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Nonclinical Studies for Enzyme Replacement Therapies: FDA Finalizes Guidance

Posted 02 October 2019 | By Zachary Brennan 

Nonclinical Studies for Enzyme Replacement Therapies: FDA Finalizes Guidance

The US Food and Drug Administration (FDA) on Wednesday finalized guidance to help sponsors design and conduct nonclinical studies for developing investigational enzyme replacement therapy (ERT) products.

ERT products, which generally involve exogenously supplying the missing or defective protein, can treat an array of disorders resulting from inherited defective genes (e.g., Gaucher disease, Fabry disease, Pompe disease and mucopolysaccharidoses), FDA explains.

The nine-page guidance, which finalizes a draft released in May 2015, discusses various recommendations for designing the nonclinical program, including selecting animal species, animal models of disease, toxicology studies, good laboratory practice, and product development for later-phase clinical trials and marketing applications.

FDA also noted in Wednesday’s Federal Register notice that the final version includes revisions based on comments submitted in 2015 by Eisai, Merck, Shire and industry group BIO.

“Changes from the draft to the final include the following: ‘Changes in disease-specific biomarkers’ has been added as a pharmacodynamic endpoint; a statement on the preference for animal disease models in assessing pharmacodynamic activity has been added; safety pharmacology parameters to proof-of-concept studies were added; a statement was added to clarify the exposure margins; a clarification on the rapidly progressing disease phenotype was provided by adding ‘approximately’ 1 year; a statement on the 3-month toxicology study in one species to support marketing approval was added; and a statement on recovery animals was added,” FDA said.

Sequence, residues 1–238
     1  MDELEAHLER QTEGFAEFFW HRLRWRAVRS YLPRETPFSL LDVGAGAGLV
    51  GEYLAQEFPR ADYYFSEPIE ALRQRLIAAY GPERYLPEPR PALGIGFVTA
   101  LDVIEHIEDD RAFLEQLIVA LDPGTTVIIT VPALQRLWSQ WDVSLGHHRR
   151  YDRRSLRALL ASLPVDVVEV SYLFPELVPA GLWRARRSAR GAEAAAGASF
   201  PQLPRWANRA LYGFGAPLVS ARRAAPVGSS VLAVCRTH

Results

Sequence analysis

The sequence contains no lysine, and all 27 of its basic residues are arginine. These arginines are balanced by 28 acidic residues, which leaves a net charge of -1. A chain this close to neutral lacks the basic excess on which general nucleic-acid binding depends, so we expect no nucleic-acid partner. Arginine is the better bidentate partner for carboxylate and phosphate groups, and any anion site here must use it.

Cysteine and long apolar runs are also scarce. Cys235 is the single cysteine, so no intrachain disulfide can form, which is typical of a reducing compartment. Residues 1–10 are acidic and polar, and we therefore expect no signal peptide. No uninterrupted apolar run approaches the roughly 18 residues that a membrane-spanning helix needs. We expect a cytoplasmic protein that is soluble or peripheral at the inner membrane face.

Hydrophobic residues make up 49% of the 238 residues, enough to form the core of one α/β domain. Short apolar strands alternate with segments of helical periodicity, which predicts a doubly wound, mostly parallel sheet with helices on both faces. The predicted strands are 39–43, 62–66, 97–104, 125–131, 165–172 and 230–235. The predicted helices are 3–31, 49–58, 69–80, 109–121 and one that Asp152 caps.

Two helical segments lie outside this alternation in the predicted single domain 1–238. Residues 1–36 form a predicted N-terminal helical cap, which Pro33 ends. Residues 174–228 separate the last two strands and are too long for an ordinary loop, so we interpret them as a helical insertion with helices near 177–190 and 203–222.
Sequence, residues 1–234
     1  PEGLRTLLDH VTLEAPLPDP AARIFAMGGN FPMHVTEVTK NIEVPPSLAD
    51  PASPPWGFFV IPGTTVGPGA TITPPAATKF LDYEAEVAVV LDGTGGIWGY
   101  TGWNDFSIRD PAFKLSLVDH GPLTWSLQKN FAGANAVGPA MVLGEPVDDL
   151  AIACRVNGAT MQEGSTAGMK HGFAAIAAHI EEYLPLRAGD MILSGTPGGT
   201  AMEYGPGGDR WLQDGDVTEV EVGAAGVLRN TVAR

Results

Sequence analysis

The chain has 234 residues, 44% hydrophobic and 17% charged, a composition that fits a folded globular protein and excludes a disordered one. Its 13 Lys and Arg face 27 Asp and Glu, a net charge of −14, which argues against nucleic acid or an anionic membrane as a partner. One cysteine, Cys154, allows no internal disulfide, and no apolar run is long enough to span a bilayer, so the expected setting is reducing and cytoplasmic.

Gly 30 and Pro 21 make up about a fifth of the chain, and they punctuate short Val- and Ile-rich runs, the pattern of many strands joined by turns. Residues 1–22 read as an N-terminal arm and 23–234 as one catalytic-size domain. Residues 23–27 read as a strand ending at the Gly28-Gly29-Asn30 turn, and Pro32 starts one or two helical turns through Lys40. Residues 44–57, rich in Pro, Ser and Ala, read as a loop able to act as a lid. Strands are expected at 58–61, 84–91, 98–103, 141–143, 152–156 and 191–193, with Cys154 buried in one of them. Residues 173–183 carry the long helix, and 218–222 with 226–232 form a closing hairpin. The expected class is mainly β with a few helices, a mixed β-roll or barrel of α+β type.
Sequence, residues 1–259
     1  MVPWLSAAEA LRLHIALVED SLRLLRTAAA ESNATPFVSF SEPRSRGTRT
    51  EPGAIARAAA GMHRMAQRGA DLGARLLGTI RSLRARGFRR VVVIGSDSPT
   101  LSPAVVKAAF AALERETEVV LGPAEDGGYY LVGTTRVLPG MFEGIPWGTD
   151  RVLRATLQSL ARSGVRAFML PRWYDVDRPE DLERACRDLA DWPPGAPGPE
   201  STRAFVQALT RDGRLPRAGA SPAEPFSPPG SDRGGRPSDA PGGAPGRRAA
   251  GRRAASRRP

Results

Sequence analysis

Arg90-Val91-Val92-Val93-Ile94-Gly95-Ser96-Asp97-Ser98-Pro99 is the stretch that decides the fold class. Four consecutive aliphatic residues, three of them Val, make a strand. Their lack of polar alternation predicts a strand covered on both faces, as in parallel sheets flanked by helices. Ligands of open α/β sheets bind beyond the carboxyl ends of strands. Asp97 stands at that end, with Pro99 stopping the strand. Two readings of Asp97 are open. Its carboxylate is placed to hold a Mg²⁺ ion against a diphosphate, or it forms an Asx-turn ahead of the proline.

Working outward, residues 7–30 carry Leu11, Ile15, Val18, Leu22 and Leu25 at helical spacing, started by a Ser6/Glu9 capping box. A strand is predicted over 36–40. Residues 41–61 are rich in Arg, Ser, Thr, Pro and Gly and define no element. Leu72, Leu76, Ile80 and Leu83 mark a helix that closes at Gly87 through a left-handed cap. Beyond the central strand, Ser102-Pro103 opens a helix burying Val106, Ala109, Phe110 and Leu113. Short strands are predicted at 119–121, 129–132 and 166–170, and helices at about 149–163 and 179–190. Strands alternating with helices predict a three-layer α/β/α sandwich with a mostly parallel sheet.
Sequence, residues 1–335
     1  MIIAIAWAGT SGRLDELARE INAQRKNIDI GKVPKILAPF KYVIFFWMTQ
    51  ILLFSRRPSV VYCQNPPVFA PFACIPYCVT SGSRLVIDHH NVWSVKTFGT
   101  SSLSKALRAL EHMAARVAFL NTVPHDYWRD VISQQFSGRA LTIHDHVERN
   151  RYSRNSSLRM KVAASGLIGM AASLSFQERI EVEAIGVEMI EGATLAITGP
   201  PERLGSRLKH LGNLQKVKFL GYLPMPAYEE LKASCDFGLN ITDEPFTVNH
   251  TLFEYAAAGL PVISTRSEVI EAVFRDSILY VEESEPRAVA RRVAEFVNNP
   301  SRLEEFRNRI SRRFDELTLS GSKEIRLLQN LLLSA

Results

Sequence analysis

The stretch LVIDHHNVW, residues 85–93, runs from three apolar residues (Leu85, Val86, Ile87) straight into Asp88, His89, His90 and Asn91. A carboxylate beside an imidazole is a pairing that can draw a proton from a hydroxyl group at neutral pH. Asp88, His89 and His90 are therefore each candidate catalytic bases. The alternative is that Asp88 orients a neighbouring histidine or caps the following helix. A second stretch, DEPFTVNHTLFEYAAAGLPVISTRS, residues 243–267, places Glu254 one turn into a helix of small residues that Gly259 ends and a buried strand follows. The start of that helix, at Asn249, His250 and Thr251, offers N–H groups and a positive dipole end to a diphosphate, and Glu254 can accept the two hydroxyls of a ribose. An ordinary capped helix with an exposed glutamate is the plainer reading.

The agency also noted that this is the only final guidance that provides recommendations about the substance and scope of nonclinical information needed to support initiation of clinical trials, ongoing clinical development and marketing approval of ERT products.

“This guidance provides consistent recommendations for nonclinical studies to expedite developments of ERT products used to treat these rare, life-threatening conditions, especially in pediatric patients,” FDA added.

Investigational Enzyme Replacement Therapy Products: Nonclinical Assessment


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